The University’s lecture recording service is Panopto, this service is fully integrated with Moodle, the University’s VLE. Panopto allows for the simultaneous capture of audio, video, and desktop applications such as PowerPoint.
All videos uploaded to Panopto are automatically captioned in order to meet the University’s web accessibility obligations, for further details view the Captioning Guidelines for Recording Teaching Events.
Getting Started with Panopto – Quick Guides
- Getting Started with Panopto. A complete guide to basic use of Panopto within your Moodle module. Video
- Accessing Panopto on a Managed laptops shows how to find the installation programme in Windows Software Centre. Note that, once installed, the best way to access and use Panopto is via your Moodle module Guidance Document
- Accessing Panopto on a Personal computers – show how to install the Panopto recorder. Guidance Document
- Add a Panopto Block to your Moodle Module page Necessary first step to enabling Panopto in your Moodle module. Guidance Document – Video
- Sharing Panopto Videos across modules to provide students with access to videos in a module they are not enrolled on Guidance Document – Video
- Copying Panopto videos to other modules Can be used to achieve a similar purpose to the above. By default, the ‘copy’ is not a physical copy, but a shortcut to the original video. Guidance Document
Uploading Course notes and Recordings to Moodle shows how to organise notes and recordings into your course sections. Guidance Document
- Feedback with Panopto shows how to allow students to record and upload videos, and where you can leave feedback using the Discussions feature. Guidance Document
Editing Panopto Videos
There are a wide range of support topics on the Panopto help site, see the links below for guidance on Editing Panopto Videos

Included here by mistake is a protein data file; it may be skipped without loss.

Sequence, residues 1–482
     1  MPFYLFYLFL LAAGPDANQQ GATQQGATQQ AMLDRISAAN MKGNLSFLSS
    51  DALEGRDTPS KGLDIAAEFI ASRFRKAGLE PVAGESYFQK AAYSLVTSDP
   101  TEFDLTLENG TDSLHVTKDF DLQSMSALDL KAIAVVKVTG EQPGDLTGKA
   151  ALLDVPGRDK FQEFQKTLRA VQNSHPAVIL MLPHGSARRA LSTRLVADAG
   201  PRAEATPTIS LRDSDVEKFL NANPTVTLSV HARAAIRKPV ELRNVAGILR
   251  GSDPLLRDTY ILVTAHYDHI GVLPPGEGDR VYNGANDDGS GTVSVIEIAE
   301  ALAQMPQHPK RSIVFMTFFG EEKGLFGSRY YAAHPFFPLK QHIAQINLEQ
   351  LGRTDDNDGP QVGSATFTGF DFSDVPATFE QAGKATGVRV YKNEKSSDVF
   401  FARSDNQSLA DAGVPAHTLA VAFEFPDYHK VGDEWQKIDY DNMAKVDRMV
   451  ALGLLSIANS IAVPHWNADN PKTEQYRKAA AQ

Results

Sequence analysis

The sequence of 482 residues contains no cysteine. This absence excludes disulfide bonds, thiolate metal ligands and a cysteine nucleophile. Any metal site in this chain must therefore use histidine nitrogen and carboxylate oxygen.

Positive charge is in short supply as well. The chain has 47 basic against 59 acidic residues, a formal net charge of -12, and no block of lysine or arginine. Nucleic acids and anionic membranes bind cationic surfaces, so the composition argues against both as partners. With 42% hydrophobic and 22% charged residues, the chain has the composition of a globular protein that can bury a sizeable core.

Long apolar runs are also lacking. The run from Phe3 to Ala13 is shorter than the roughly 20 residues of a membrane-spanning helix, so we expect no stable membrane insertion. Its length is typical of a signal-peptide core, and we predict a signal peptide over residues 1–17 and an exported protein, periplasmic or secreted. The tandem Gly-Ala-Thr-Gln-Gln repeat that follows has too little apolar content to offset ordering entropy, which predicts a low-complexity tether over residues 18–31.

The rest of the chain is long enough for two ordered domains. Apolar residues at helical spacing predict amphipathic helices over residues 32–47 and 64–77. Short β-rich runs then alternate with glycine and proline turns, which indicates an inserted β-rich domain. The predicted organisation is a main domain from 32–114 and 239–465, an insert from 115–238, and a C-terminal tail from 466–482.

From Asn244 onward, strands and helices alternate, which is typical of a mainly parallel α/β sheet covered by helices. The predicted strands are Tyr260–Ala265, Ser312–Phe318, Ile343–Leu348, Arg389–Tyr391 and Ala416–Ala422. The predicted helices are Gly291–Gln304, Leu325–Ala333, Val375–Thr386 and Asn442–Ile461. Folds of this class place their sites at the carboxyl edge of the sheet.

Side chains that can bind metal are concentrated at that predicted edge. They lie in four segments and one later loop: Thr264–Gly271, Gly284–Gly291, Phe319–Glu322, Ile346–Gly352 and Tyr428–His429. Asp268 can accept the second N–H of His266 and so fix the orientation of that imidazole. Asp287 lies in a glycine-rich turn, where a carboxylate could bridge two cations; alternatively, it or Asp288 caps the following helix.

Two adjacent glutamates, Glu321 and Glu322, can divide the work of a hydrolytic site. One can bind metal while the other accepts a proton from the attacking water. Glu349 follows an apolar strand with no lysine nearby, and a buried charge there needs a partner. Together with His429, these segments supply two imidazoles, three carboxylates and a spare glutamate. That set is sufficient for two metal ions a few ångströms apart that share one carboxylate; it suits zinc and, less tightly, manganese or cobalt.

- Edit the captions
- Trim sections of a video
- Add and edit slides
- Combine multiple recordings together
- Embedding a YouTube video into a Panopto video
- Add a Table of Contents to a video
Further support can be found on the Panopto website
- Recording with Panopto Capture Student guide shows students how to record from a web browser and submit to a Moodle assignment.
- Recording with Panopto student guide shows how to download Panopto, record and edit videos, and submit to a Moodle assignment.
- Staff Guide to video presentations gives an overview of how students can also submit videos to a Moodle Assignment.
A Panopto recording can be made from personal computers, managed laptops, and in any teaching room or staff computer.
Classrooms have data projectors, document cameras, as well as fixed cameras and microphones required for recording purposes. Further details on Lecture Theatre & Classroom AV equipment can be found here.
Staff can also use a broadcasting space to record lectures, these can be booked using Resource Booker.
Advising Students on Your Use of Panopto
Students must be advised if the class is being recorded and that their voice may be recorded if in proximity to the microphone. Additionally, portable cameras must be positioned so that student images are not captured. Students must also be advised of their rights to have their voice excluded from the recording, and so the following information for students can be copied into an opening PowerPoint slide and adapted as required;
- Not all lectures will be recorded.
- Purpose of the recording (eg. for your review or for reuse with distance learners)
- What is being recorded (eg. presentation slides, lecturer’s audio and video)